The study and practice of esotericism and gnosticism has the goal of the spiritual regeneration of the human being
Esoteric traditions always develop within groups, whether as part of formal religions, mystery schools, orders, or societies. The esoteric process is individual and intimate, but cannot unfold properly without a master, a teaching, and a community. The gnostic teachings of Samael Aun Weor developed through the lineage of Western esotericism and into the various gnostic schools, centers, and organizations of the modern gnostic movement. What these diverse groups have in common are the connection to Samael as the master, the gnostic doctrine of the three factors, and the groups that we work within.
The paradox of light and dark
Gnostic esotericism calls upon us to embrace paradox. On the psychological level we are Essence, which is divine light. Yet the light is trapped in the darkness of the ego, the legion of character defects, psychic aggregates, fractured shadows and shells. On the ontological level we are a small part of the Inner Being that has become trapped and hypnotized in matter.
This is the path of the razor’s edge. To live and work within this paradox of light and darkness, and wisely use the light to overcome the dark.
In esoteric groups, schools, and societies we have the support of individuals who are also working in this same manner. We share a common vocabulary, common values, common goals. This is invaluable for the work, as we can gather together to study and practice and become much more than the sum of our parts, energetically and spiritually speaking. Anyone who has had the opportunity to meditate in a group setting with experienced practitioners can attest to the power of group practice, and the ease with which one can go into deep states, when alone it may feel like a constant struggle.
The paradox of working esoteric groups is that they are composed of imperfect people striving toward perfection. In struggling to liberate the light from our internal darkness we are confronted over and over with these egoic manifestations. We must wisely use the “psychological gymnasium” of an esoteric group to deepen our inner work. What we judge in others is a mirror for the darkness we have within ourselves. We can use the opportunity to practice humility, honesty, and patience with our spiritual brothers and sisters in their imperfections, thereby multiplying our love for humanity.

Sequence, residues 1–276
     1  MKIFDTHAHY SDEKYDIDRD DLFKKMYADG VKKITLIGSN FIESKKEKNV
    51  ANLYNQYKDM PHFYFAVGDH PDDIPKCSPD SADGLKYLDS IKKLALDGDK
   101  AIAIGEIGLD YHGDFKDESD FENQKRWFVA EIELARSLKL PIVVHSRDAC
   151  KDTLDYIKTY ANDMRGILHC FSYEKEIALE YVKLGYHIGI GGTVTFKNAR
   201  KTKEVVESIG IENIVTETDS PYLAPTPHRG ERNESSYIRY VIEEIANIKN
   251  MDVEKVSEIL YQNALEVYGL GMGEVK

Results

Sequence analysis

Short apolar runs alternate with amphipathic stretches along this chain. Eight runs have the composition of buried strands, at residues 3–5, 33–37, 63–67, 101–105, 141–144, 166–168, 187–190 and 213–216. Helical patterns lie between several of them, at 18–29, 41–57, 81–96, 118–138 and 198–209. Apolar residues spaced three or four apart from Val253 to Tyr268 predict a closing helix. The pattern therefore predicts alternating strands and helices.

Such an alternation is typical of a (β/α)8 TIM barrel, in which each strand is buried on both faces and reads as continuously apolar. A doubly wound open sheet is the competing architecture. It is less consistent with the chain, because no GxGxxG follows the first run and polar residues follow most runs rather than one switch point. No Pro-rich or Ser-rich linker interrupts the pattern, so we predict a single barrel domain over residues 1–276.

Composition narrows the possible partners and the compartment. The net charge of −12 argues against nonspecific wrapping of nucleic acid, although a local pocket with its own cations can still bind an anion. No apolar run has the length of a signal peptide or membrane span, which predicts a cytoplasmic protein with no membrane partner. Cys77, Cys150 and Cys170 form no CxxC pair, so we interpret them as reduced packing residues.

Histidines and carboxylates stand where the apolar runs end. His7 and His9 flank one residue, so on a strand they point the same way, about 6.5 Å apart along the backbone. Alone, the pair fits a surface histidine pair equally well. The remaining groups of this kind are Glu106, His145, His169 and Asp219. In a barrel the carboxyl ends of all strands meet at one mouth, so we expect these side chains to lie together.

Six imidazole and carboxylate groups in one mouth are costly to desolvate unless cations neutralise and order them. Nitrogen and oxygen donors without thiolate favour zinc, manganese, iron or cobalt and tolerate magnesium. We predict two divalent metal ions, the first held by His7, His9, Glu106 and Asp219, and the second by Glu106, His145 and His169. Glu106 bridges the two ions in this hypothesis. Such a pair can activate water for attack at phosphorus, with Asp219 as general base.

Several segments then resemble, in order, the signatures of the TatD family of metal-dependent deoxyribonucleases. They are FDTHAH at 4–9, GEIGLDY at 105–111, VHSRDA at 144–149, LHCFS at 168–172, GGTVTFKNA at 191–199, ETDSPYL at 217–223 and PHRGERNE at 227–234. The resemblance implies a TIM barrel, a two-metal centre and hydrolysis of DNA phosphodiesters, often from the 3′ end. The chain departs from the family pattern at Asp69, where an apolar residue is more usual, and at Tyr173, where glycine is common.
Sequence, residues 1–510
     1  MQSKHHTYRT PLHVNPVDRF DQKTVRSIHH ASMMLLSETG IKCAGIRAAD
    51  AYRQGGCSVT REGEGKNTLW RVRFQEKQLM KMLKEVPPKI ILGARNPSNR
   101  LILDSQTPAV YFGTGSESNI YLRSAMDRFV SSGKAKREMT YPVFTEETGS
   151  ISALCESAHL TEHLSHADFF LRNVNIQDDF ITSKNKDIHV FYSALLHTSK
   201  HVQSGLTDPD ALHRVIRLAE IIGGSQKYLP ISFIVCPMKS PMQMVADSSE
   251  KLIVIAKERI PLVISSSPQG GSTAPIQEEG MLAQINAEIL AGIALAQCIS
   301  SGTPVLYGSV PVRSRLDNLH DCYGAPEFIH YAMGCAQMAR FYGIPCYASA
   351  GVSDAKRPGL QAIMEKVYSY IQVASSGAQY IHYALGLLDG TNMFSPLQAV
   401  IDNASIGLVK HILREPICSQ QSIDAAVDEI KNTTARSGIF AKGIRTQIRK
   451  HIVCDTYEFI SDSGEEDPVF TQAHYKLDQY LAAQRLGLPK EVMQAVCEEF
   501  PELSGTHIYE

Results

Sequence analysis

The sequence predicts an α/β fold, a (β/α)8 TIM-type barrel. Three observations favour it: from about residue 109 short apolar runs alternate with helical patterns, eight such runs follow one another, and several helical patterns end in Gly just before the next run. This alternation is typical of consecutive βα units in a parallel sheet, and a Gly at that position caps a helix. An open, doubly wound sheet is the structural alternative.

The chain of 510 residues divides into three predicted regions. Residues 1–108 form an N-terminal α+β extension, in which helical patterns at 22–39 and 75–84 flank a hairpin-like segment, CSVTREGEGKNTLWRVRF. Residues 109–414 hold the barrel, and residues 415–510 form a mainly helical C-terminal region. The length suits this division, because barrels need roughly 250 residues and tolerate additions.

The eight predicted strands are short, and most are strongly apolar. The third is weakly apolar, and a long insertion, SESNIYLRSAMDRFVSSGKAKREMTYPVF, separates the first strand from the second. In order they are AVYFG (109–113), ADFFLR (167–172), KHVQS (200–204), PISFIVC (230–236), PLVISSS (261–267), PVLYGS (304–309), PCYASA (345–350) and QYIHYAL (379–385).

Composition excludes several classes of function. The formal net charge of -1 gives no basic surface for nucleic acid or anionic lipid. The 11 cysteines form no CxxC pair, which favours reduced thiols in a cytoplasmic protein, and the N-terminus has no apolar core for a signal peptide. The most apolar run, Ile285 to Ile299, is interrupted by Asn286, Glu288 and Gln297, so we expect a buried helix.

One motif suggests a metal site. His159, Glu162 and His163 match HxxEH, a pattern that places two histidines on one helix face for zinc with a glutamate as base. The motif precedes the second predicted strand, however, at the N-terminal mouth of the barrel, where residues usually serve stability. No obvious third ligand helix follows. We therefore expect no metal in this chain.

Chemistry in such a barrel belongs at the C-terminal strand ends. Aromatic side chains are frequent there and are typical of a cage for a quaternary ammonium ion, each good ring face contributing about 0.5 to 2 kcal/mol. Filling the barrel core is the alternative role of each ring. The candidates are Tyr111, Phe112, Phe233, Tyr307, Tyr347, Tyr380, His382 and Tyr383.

Dion Fortune on occult societies
If we are active in a gnostic group or community it is necessary to understand some of the practicalities, benefits, and pitfalls of working in esoteric groups. The great occultist and writer Dion Fortune (1890-1946) was an important contributor of esoteric wisdom and insight in this regard. Her books and writings cover numerous aspects of occultism but a few books stand out for this topic: Sane Occultism, The Training and Work of an Initiate, Esoteric Orders and their Work, and Psychic Self-Defense.
In Sane Occultism in particular Fortune tackles thorny issues such as megalomania and delusions of grandeur, group karma, authority and obedience, prophecy, and psychic pathologies. She is characteristically direct and forthright, not shying away from the realities of misuse of power within occultism that can result in great harm, intentional or not. This book is highly recommended reading for anyone interested in or currently working in an esoteric group.
“Natural science lays its evidence before the five physical senses possessed by every normal human being; occult science makes its appeal to the judgment of senses but rarely to be found developed in human beings.”
On group karma
“A initiate of the Western Tradition once said to me, ‘Two things are necessary for safety in occult work, right motives, and right associates’, and anyone who has had experience of practical occultism knows how true this is.”
On battling evil
“‘Be still and know that I am God’, is the attitude of power. It is a refusal to react that is the strongest armour. Unfailing compassion and unfaltering fidelity to the right will win any battle in the long run. Let us learn, in all times of difficulty and distress, to trust the Masters, to invoke the Divine Law, and to await its working.”
On authority and obedience to a spiritual teacher
“The teacher who has a genuine system to communicate and who is really in touch with his Master and acting under His instructions can safely leave his pupil to the operation of the cosmic law. If he is right in his opinion that a certain course will prove unsatisfactory, and the pupil, disregarding his advice, pursues that course, the latter will not be long in finding out his mistake and will assess his teacher’s advice all the higher for this practical test of its wisdom, and be ready enough to give heed in the future. It is seldom that real loyalty is yielded till such a test has been made.
The demand for blind obedience as a proof of trust should be regarded with suspicion by the would-be pupil; the confidence trick is a very old one, and can be played on more than one plane. No one should demand faith without proof; if he has anything tangible to offer, he will be able to give satisfactory proofs and offer good and sufficient reasons that shall satisfy the judgment and bear investigation.
Early in my occult career I met a teacher who demanded blind faith as a proof of loyalty, and those things concerning which we were required to exercise faith turned out to be sordid irregularities. For that which is good, a good reason can be given, and that for which no good reason can be given generally turns out not to be good.”